Our appointment was at 9:30 AM with our tour guide Krishna, who we had met the evening before. So at 9:30 AM sharp, we reached Virupaksha Temple where we were supposed to meet him. We were a total of six, us, a Swedish couple and two guys from Hyderabad. One of the Hyderabadis turned out to be a friend who I used to know during my engineering days in Chennai; it’s a small world indeed.
Our tour started with the Royal Ganesha, a seven meter high giant idol of Lord Ganesha carved out of a single rock. The temple was built around the idol. However, it was not a temple anymore, as the guide explained, Hindus do not worship broken idols.
After the Royal Ganesha, we went to see what is interestingly called the Mustard Ganesha. Since the Royal Ganesha was reserved only for the royalty, a mustard merchant got this Ganesha made so that common people could visit it and have darshan. This Ganesha was unique in a way, if you behind the idol, you can see the figure of a woman at the back. The son Ganehsa actually sits on the lap of his mother Parvati in this depiction.
From the Mustard Ganesha, we went to the Balakrishna Temple, an exquisitely carved temple which dedicated to Baby Krishna which was constructed to commemorate Krishnadevaraya’s victory over Odissa in 1513 AD. The temple had beautiful mandapas supported on intricately carved pillars depicting flowers, mythical animals and scenes from Krishna’s life. The gopura had reliefs of Vijayanagara armies chasing the vanquished enemy.
The Lakshmi Narasimha and Badavalinga Shiva were the next two stops we took before starting off to the Royal enclosure. Narasimha was another giant and impressive idol of Vishnu in his Narasimha avatar. Sheltered under the giant Sheshanag, Narasimha looked very fierce. It is said that a figure of Lakshmi was originally sitting on the lap of Narasimha, but now it was almost completely gone with just a beautifully sculptured hand around Narasimha’s waist left intact. The Siva was a huge lingam said to be commissioned by a poor old woman with her life’s savings. The lingam was intact with its base permanently under water.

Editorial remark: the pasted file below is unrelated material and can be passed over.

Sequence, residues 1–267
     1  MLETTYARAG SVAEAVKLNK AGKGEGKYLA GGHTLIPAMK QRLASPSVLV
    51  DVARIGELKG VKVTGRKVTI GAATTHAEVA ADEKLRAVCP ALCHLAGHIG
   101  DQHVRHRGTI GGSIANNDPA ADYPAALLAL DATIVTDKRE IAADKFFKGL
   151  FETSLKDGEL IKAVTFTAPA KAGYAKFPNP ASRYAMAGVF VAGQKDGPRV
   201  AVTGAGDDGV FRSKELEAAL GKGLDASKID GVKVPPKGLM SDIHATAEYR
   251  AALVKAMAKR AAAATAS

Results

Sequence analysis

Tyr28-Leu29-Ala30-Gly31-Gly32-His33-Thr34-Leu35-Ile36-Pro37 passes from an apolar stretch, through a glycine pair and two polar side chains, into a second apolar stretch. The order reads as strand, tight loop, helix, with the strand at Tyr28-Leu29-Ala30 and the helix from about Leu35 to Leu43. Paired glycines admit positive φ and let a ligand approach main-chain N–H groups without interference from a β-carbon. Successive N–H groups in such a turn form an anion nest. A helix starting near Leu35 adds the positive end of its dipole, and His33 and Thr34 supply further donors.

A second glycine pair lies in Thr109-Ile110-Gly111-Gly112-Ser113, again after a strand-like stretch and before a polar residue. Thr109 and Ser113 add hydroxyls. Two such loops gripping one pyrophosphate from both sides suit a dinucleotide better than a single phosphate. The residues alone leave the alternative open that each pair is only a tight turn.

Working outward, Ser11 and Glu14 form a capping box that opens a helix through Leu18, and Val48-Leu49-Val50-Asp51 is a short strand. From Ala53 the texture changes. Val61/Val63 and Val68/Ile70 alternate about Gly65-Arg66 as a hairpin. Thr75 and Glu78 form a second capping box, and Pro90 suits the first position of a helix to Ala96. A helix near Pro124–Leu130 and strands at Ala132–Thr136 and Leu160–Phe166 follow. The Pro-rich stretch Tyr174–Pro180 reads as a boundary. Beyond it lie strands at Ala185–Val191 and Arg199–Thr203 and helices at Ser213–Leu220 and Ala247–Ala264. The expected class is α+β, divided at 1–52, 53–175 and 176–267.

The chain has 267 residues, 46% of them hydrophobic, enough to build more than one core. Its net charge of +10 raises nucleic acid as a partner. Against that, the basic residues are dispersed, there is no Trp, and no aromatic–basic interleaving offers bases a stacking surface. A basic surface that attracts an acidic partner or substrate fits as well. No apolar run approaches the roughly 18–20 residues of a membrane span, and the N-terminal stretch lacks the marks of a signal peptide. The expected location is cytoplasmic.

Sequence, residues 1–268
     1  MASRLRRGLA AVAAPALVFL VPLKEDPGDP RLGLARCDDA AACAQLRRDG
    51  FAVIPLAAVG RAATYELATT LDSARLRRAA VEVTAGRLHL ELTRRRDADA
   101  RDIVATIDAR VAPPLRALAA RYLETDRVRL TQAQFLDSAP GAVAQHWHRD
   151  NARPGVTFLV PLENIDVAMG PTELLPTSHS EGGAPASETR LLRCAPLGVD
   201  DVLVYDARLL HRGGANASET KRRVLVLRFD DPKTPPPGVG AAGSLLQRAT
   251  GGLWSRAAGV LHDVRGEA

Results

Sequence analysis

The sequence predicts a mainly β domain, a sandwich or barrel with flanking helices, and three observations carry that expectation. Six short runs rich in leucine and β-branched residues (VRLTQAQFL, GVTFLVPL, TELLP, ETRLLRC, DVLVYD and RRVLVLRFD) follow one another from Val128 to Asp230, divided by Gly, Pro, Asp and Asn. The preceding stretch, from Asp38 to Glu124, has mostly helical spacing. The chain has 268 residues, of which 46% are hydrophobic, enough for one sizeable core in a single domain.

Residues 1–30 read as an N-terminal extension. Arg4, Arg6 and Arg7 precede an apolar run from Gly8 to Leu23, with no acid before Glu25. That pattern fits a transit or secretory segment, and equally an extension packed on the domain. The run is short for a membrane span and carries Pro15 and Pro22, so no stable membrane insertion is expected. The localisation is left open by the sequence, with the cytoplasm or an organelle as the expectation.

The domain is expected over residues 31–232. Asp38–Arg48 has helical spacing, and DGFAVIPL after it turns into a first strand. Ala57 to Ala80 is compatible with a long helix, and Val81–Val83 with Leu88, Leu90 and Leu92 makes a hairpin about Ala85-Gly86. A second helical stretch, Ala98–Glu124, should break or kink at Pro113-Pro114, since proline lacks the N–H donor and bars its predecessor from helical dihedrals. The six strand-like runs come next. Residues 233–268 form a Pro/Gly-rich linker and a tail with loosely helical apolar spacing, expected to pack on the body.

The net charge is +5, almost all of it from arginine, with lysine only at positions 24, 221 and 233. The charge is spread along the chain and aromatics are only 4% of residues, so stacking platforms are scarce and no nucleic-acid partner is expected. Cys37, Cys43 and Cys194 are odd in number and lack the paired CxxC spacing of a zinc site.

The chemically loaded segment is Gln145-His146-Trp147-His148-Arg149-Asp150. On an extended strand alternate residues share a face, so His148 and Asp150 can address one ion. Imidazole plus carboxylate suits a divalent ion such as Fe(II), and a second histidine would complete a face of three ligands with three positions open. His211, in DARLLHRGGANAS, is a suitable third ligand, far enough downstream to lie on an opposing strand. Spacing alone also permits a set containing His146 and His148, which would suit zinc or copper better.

From here we started towards the Royal Enclosure which lies around 3-4 km away. But in the way, there was another thing to be seen – Musical pillar. We passed by many ruined temples and buildings in various states of disrepair and stopped at a roadside temple. The sanctum was locked up and was almost tumbling down and only the front porch was open for visitors. Here the guide showed us stone columns which gave musical sounds of tabla and ghatakam when tapped. It indeed worked and we were left amazed at this little piece of master-craftsmanship from ancient India!
The last stop before we entered the Royal Enclosure was the Underground Temple. Well, it is not an Underground Temple as per se. Just that, the surrounding ground level has risen, sinking the temple below and hence the name. The temple was good in the middle of a lush green lawn. But a bigger part of it was under not so clean water so we did not venture much inside. There is another temple in the vicinity called the Hazaar Rama Temple but for some strange reasons, the guide decided to give it a miss.
Next in our Hampi Diaries – The Royal Enclosure …
You can find the map of the sacred center here.
For more and better resolution photographs, please go to Hampi Diaries – A Guided Tour of the Sacred Area, a set on Flickr.
Latest posts by Puru (see all)
- Satpura: A Night Safari in the Jungle - November 21, 2014
- The best hotels to stay in around Bayswater, London - November 18, 2014
- Satpura: The River Safari on Denwa - November 8, 2014